A few years ago, I sat across a father that was devastated because psychoeducational testing had revealed that his son had executive functioning deficits.
He spoke from the heart, and his eyes teared up. His wife reached over and held his hand. He thought this information was almost a death sentence on his sweet boy. He felt hopeless. He was frustrated that he couldn’t fix it and didn’t know how to improve his son’s executive skills.
Truth: Executive Skills Can Improve
Wait for a second!
It seemed as if the team had forgotten to explain to this father that executive skills can improve.
It seems as if the team may or may not understand executive skills.
It seems that all this information was not being put to good use.
What are executive skills and why are they so important? Watch my video Develop Your Child’s Executive Function Skills to learn more!
By this point, I was silently furious. I say silently because even though I was there for a short time, I was also part of the team that failed this parent. I did not do the testing and I did not deliver the diagnosis they received from the testing. Actually, I was just “popping in” to the meeting for a quick update. But I always include executive skills into my sessions, trainings and, well, just about everything. It is part of my OT DNA.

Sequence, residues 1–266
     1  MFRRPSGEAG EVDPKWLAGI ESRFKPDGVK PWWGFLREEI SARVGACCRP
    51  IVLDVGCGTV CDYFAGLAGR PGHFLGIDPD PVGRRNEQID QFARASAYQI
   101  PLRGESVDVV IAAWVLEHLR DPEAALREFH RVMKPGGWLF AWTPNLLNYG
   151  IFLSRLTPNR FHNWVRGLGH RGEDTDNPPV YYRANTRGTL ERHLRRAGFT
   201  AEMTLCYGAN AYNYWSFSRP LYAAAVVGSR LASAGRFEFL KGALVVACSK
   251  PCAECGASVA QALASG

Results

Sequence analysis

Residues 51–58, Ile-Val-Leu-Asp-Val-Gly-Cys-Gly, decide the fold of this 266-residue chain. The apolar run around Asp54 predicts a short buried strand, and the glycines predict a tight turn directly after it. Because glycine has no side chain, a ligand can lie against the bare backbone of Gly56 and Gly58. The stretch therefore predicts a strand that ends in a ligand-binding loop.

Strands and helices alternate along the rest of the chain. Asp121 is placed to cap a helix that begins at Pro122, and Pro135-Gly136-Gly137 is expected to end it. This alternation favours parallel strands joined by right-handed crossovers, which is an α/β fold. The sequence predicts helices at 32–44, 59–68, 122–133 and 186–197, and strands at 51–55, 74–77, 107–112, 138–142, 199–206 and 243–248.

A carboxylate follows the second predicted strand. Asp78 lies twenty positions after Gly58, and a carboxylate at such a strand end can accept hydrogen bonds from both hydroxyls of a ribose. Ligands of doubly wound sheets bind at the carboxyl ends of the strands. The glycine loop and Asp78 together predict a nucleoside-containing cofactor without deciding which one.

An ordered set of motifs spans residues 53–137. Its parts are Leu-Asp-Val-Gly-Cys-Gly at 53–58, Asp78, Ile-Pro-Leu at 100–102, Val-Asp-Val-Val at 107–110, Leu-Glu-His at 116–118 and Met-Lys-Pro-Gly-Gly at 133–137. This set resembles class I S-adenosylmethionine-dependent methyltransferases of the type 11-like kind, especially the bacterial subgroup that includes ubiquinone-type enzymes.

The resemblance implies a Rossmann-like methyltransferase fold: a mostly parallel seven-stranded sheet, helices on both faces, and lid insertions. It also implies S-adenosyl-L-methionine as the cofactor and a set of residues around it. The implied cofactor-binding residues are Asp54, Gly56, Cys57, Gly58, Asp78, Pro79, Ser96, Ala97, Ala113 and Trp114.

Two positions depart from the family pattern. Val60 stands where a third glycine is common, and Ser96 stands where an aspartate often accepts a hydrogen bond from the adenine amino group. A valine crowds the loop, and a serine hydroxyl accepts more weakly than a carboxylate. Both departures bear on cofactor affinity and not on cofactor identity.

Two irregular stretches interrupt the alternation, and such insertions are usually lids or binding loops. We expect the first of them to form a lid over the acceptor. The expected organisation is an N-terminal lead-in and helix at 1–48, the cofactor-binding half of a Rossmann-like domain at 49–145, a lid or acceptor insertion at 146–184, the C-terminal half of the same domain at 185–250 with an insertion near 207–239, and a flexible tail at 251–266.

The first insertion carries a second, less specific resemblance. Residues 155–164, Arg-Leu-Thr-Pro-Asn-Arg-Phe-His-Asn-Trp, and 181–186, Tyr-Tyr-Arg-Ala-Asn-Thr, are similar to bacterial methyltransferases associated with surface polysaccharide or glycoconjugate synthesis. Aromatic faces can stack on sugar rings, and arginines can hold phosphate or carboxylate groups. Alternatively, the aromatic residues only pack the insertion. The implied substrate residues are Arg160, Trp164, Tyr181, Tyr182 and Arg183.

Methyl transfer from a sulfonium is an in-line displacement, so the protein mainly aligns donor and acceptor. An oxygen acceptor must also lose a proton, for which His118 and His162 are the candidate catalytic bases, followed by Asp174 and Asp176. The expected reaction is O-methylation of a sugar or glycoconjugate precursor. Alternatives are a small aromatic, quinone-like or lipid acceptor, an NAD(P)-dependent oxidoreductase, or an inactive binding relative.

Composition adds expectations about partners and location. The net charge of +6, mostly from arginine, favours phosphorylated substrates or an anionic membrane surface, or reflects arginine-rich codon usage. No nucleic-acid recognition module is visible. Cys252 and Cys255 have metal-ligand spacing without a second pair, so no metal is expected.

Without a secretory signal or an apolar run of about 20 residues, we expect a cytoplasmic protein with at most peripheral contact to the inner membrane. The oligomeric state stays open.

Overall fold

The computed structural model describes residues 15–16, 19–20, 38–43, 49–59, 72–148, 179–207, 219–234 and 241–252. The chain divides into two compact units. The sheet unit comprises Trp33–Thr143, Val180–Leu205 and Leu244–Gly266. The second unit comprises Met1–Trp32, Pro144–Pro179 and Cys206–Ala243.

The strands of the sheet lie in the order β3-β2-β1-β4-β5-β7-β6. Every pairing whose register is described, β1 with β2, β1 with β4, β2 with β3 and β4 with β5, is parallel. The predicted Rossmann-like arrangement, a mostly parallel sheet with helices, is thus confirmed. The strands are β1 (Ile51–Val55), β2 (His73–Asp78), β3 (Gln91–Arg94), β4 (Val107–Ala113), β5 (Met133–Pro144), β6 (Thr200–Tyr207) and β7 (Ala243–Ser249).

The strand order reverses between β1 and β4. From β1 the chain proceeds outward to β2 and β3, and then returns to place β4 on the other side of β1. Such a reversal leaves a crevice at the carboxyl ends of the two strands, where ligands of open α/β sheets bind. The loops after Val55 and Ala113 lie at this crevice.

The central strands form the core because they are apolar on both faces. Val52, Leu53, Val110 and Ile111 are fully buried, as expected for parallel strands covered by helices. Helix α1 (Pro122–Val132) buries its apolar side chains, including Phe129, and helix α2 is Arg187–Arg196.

So why was I failing this parent?
I had taken for granted what I know to be true; executive skills can improve. I had left this out of my communications with teachers, parents, and colleagues.
That was the point where I made it a conscious decision to incorporate executive functioning into my conversations, parent workshops and treatments.
Here are some of my Best Tips to Tips to Develop Executive Function Skills!
Executive Skills Training
Looking back on my 20+ years of practice as an OT, I can see executive skills play a role in every part of our occupational performance.
Actually, I have found that if you don’t address the executive skills, the outcome is usually missing an integral piece. I have also found that as OTs we automatically incorporate many executive skills into our treatment sessions. I will say that not until recently did I realize much of what was incorporated into the sessions and treatment plans were indeed “executive skills.”
Since then I have taken several courses, both in-person and online, and read as many books as I can. I have read most of the Smart but Scattered series. As an OT, I have many practice models in my toolbox from which to pull from, but I am counting more and more on improving executive function to guide my clients.